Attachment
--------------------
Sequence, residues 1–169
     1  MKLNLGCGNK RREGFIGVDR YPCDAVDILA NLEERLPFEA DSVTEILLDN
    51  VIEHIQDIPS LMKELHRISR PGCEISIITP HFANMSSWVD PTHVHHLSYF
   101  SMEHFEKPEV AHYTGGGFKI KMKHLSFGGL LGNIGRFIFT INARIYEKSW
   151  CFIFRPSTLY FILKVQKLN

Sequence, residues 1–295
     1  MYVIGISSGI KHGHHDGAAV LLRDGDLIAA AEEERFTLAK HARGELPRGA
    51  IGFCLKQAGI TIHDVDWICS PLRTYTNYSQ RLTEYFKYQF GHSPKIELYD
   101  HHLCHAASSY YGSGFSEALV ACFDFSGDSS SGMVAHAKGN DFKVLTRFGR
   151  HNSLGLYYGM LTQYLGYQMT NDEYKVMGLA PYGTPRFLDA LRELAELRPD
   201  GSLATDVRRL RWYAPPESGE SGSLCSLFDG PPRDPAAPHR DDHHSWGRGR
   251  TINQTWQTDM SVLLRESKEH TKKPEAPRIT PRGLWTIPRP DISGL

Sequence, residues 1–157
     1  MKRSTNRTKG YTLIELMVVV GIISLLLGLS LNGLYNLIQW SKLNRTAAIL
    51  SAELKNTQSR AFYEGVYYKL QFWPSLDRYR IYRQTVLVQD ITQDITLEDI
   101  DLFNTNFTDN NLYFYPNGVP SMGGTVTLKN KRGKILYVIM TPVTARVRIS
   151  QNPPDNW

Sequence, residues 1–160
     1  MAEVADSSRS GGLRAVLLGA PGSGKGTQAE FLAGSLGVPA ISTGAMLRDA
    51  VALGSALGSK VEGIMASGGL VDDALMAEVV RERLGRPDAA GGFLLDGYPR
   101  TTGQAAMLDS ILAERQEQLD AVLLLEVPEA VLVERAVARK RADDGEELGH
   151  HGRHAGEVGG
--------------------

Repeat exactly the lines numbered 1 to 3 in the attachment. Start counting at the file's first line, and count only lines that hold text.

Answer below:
Sequence, residues 1–169
     1  MKLNLGCGNK RREGFIGVDR YPCDAVDILA NLEERLPFEA DSVTEILLDN
    51  VIEHIQDIPS LMKELHRISR PGCEISIITP HFANMSSWVD PTHVHHLSYF